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Welcome! Investing in startups can be rewarding, but is also considered risky. It is important to be educated on startup investing before participating. We have created this education center as one resource to help you on your way.
Individuals who invest in startups are called angel investors (Angel Investing), whereas institutions that invest in startups are called Venture Capital firms. Conventionally, only large institutional investors such as endowment funds, large family offices, fund of funds, and pension funds have been able to gain exposure to the returns of startups funded by venture capital firms. FundersClub lowers the barrier to diversify one's portfolio to include the types of investments traditionally targeted by top VC firms, and uniquely is open to both individual and institutional investors.
An investor that invests in a startup is buying a portion of the startup, with the intent to share in the possible upside were that startup to later become successful. Financial returns are realized by the investor when a liquidity event occurs, such as a secondary sale of stock, an acquisition, or an IPO. These events can take a long time (e.g. 4-7 years), and may not occur at all if the company is not successful, often resulting in a write-off of the entire investment.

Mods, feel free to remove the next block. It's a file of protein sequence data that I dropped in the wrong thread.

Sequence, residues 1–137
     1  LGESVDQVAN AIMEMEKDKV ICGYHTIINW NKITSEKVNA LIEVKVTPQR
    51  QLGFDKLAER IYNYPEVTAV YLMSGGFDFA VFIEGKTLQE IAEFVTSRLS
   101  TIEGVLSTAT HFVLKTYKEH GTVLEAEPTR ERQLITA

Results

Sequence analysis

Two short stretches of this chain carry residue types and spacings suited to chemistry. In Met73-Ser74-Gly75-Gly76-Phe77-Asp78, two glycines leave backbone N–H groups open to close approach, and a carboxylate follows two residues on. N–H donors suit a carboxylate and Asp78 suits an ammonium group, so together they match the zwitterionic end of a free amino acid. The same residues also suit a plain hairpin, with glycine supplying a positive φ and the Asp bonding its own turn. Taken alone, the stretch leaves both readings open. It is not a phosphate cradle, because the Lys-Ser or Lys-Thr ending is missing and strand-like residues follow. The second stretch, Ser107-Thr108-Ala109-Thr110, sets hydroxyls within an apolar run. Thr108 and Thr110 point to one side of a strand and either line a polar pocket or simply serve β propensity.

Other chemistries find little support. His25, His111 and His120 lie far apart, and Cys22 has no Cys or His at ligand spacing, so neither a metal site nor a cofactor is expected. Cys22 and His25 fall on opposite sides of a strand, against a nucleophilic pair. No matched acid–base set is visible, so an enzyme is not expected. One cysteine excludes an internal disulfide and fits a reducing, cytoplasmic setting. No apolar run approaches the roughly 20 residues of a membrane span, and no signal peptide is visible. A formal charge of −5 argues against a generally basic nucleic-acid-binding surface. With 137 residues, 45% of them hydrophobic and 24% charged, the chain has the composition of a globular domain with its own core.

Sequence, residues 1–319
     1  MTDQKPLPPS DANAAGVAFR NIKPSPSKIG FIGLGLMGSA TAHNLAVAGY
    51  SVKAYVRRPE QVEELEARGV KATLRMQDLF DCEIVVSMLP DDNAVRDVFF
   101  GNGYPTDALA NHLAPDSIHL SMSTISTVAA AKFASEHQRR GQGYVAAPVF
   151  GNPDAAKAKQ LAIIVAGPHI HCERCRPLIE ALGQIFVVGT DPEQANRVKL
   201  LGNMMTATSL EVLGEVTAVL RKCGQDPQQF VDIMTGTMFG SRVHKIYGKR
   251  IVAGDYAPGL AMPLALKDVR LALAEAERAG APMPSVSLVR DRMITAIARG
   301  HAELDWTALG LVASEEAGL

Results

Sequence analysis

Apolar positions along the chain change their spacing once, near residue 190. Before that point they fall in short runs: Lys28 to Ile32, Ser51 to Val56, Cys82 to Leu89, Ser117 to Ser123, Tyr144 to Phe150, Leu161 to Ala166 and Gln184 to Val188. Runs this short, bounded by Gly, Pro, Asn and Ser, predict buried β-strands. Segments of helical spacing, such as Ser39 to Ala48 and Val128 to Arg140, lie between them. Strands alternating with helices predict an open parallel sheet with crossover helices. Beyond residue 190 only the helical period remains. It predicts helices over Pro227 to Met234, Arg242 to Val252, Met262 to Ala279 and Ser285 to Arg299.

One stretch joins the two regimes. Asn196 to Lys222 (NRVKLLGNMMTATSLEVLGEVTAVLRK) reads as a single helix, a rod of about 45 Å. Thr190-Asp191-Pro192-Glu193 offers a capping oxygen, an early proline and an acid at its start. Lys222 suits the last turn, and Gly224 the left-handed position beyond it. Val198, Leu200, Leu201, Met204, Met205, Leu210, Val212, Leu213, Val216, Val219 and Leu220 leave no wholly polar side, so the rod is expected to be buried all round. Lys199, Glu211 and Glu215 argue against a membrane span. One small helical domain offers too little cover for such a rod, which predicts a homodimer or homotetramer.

As implied above, the venture investment asset category is generally known to be high risk, high reward. As a result, Diversification is a strategy employed by most professional startup investors to help balance wins and losses. In addition, although many endowment, pension, and other funds have venture capital holdings, they typically limit exposure to venture to 5-15% of their entire portfolio.
Experienced angel investors use FundersClub for a number of reasons: